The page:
His expression at about the 1:22 mark is priceless!
Quote Ben: “This is like driving a glass car.”
For me, the fear of a cake disaster is a common one. Have you every seen a cake fall over or had a cake disaster happen yourself? For more examples, just check out the painful Cake Disasters photo album and comments at CakeCentral.com for not-so-sweet images of mishap cakes…
In this article I will share some tips I have learned about preventing cake disasters:
What do I define as a cake disaster? Well, a number of things:
- Dropping the cake (that’s never a good one…)
- Melting of sorts – icing peeling/bubbling
- Wrong colour/design/flavour
- Misspelled names or phrases. “Happy Bitday” anyone?
- Damage in transportation
But the one that strikes me most often is simply this:
- Falling over while on display
Why specifically “on display?” It worries me more while on display because I am not there to fix it! And it’s almost always a slow, painful process that so many people can see inch by inch as it makes it’s way down.
I personally call all these fears “cake anxiety.” Sometimes it even gets me in my sleep – resulting in what I refer to as “cake nightmares.”
It saddens me to see cakes fall. So here are a few tips on preventing tiered cakes from falling as well as preventing cake disasters in general, from a decorator’s point of view:
- Have a plan. And a back up plan. Make time for fix-ups and repairs, just in case. I try to make dry pieces (bows, figures, etc.) ahead of time. If pieces are really delicate, I made two. Making a cake from start to finish sometimes cannot fit into one day. Bake one day. Fill and decorate the cake the next.
- Choose a solid cake (literally). Pound cake is great for carved cakes, and will not settle as much as a fluffy cake. A swiss/italian meringue buttercream or chocolate ganache filling is more stable and less squishy than a mousse or fruit filling.
- Review the details. Write down and read over the details before starting. I find most of my errors are from not reviewing the details thoroughly in the first place.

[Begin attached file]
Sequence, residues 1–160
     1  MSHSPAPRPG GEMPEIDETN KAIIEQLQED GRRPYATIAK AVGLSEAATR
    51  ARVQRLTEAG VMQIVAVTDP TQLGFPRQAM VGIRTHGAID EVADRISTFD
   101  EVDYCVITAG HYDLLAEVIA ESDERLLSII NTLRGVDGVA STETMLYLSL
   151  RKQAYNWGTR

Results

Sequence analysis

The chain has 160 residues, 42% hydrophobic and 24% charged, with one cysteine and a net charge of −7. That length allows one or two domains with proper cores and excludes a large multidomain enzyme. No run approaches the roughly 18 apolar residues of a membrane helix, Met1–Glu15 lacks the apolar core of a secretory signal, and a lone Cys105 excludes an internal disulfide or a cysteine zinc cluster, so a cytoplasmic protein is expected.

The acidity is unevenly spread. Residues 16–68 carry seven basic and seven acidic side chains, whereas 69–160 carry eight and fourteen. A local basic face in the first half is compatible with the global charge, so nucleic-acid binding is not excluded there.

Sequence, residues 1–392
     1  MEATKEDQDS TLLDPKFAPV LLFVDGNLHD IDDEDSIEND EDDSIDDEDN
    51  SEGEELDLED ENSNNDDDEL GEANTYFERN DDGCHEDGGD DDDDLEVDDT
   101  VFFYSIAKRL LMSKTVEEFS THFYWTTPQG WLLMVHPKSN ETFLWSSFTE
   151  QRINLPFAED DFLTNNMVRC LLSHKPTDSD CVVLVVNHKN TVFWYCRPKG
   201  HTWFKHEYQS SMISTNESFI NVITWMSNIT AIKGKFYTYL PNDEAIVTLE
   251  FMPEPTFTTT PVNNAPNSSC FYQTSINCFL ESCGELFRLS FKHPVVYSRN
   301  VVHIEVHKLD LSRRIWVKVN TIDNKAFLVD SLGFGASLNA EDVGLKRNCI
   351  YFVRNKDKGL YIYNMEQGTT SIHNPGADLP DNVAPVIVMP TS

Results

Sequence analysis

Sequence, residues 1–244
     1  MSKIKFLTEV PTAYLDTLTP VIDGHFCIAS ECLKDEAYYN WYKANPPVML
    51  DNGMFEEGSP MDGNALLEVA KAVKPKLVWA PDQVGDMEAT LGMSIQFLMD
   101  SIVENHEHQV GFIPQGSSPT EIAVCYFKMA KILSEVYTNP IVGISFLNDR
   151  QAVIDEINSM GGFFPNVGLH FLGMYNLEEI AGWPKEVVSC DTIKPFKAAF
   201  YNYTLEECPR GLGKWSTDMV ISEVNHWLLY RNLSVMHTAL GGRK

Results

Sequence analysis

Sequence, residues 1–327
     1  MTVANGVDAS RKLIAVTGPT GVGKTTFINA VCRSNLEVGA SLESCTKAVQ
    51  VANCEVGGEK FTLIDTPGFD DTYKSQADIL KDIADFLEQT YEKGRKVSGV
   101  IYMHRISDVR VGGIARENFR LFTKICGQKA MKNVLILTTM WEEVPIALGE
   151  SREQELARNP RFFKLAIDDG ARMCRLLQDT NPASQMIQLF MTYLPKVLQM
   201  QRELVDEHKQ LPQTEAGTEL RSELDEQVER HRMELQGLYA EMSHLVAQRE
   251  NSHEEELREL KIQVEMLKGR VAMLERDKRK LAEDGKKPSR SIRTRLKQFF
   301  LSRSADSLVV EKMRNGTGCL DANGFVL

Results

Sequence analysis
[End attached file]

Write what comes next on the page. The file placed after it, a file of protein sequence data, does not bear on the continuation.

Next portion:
- Freeze the cake beforehand. And no, I don’t mean have it frozen months ahead of time so that it becomes a baking soda box. What I do mean is that once the cake is filled, flash-freeze it by popping it in the freezer for at least an hour to set the filling so that the layers are not sliding everywhere when you ice the cake. Freezing will also make your cake easier to carve because that way you won’t have pieces of cake crumbling off. Freezing prevents staling and helps set the cake – see Starch Retrogradation for more info.
- Let it settle. Cakes, being spongy and squishy and all, have this funny way of sinking and/or bulging sometimes. After crumb coating, give your cake some time to let the settling happen, before covering the cake.
- Keep things level. Through every step of the process: Cut the layers level. Fill the cake level. Ice the cake level. Cut all the dowels level. After stacking the cake, check to see if the tiers are level. Transport the cake level.
- Have enough and the right kind of support. For me, planning the support structure comes way before even thinking about baking the cake. I like to use boards and dowels inside anything higher than five inches. For larger projects, sometimes a center dowel is required.
- Transport safely. What is the point of the cake if it doesn’t even make it to the party? When delivering the cake, make sure it sits level in the vehicle. If it is a hot day, turn up the air conditioning and let your car cool down. Give yourself lots of time to speed up and slow down. And take those turns real easy!